Hyatt Magazine

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Protests Against Racism must be Effective & Civil.


By Ray Hanania

     For more than one year, a group of activists have organized monthly protests against Sharon Brannigan, a Trustee on the Palos Township Board who made insensitive comments about Middle Eastern people on her social media page.

On her Facebook Page, Brannigan questioned why schools in the Palos region were “filling with Middle East students” and asserted many Muslims don’t integrate into local society.


When her comments were challenged, Brannigan issued a lengthy apology explaining she was addressing the issue of immigration and had let her emotions take control of her feelings. She explained she respects and admires Muslims and Arab Americans, but the protestors denounced her apology – after demanding it for several months – saying it was “too little, too late.” They demanded she resign.


To make their point, many of the protestors actively joined the campaign of Abdelnasser Rashid who was challenging Cook County Commissioner Sean Morrison. Morrison is also the Palos Township Republican Commissioner and Brannigan is a part of his political organization. Rashid lost the election by only 1,639 votes in the county or more than 120,000 cast. But, the analysis of the votes in the Townships in the Southwest Suburban Townships like Orland, Lemont, Worth, Lyons (which includes the Bridgeview Mosque) and Palos showed that Morrison, despite the attacks, beat Rashid by more than 10,000 votes.


The Morrison-Rashid election should make us wonder about the conduct of the protestors. I think the protestors’ conduct negatively impacted Rashid and also the way many non-Arabs and non-Muslims look at our community.


Here are some facts:

The protestors do not represent “the community” as they claim. They definitely have the right to protest and express their views. I’m not sure if anyone really represents “the community.”

My concern is the way they protest. At many of the meetings, videotaped by the protestors themselves, the protestors scream, yell, and obstruct the board meetings. They called Brannigan names attacking her personally. At last week’s meeting, the protestors continued with their vocal attacks disrupting the meeting and went outside surrounding Brannigan’s car as she tried to leave the meeting. They pounded on her vehicle, calling her names and screamed. Brannigan called 911 and Palos Heights Police had to come push the protestors back so Brannigan, and other attendees, could safely leave the parking lot.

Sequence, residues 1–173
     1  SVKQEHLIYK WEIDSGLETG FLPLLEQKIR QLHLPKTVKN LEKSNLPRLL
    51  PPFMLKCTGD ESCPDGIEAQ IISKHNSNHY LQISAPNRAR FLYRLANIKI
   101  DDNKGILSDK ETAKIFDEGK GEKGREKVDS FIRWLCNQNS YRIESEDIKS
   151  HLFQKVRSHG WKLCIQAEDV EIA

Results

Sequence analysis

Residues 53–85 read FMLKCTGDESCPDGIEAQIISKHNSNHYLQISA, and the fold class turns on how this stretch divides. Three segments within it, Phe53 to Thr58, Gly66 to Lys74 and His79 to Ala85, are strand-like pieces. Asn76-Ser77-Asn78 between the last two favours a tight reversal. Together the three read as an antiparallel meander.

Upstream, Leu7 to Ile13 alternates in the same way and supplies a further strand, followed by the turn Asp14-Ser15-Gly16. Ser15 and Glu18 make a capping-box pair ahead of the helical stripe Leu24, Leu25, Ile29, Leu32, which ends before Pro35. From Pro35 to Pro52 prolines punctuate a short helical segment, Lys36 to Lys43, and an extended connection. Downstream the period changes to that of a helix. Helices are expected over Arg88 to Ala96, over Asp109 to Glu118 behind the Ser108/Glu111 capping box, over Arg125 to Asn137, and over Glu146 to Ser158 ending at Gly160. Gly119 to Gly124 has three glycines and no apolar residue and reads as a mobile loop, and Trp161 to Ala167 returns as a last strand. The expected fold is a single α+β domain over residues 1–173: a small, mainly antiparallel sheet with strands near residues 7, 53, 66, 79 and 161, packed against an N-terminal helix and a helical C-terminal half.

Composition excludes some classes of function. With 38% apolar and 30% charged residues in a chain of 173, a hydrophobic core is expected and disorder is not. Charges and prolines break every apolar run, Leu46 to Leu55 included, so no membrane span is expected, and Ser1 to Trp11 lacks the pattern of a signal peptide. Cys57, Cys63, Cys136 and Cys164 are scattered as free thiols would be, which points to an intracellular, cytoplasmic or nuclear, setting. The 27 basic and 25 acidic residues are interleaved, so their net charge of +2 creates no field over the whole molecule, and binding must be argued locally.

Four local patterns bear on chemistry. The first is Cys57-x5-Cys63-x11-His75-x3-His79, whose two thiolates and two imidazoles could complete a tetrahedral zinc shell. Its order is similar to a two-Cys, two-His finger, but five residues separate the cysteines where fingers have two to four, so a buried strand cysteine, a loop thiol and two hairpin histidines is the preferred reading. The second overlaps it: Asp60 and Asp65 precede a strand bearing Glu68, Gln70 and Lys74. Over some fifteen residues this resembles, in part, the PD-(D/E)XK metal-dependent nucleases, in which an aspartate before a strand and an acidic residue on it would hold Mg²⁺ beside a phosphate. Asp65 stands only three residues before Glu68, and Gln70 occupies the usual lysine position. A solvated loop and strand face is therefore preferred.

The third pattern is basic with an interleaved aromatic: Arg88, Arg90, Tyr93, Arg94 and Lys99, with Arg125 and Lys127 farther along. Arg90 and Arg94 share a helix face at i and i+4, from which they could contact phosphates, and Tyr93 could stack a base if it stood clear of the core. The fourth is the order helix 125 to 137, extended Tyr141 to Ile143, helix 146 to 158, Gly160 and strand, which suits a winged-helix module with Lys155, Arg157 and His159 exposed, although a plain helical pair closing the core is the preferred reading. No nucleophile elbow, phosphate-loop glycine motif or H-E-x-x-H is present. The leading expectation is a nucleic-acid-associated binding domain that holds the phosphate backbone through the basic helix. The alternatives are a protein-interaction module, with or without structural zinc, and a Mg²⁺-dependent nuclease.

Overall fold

The protestors have also criticized me, which is fine. As an opinion columnist, I know people don’t always agree with me. That’s called tolerance, and tolerance is something some in our community need more of.


I also don’t object to the opinion of the protestors. They don’t have to accept Brannigan’s apology – although I do and I know many other Arabs and Muslims have accepted her apology. I prefer a politician who makes a mistake and apologizes, recognizing the mistake, than a politician who smiles at us, pretends to be our friend and backstabs us quietly in the shadows.

But I do object to the way they conduct themselves. Yelling, Screaming. Calling people names. Obstructing the board meetings. Blocking cars after the meeting. That is intolerable conduct that not only fails as a strategy, but also makes the entire Arab and Muslim community look bad. Americans see them and their conduct reinforces the racist stereotypes many in the public have about us.

Emotion is not an asset in our community. Yelling and screaming is not an effective strategy. Education is. I think the negative images of the protestors carried over and undermined Rashid, who openly identified with them. And, it also undermines the protestors who have failed to rally the larger Arab and Muslim community.


Their conduct is shameful and makes it worse for our Arab and Muslim community.

What we need is a reasoned voice, commonsense and compassion. Arab Christians and Muslims are very compassionate people. It is is the foundation of our culture to accept apologies and find ways to work with people with whom we disagree.


Forgiveness is a core Arab and Muslim belief, not intolerance, extremism and hate. Screaming, yelling, and obstructing public meetings is not a part of our culture. All it does is reinforce the stereotypes against us. It weakens the ability of our community to succeed and overcome the real haters and racists out there who do not apologize and who engage in anti-Arab and anti-Muslim rhetoric all the time in the shadows and behind-the-scenes.


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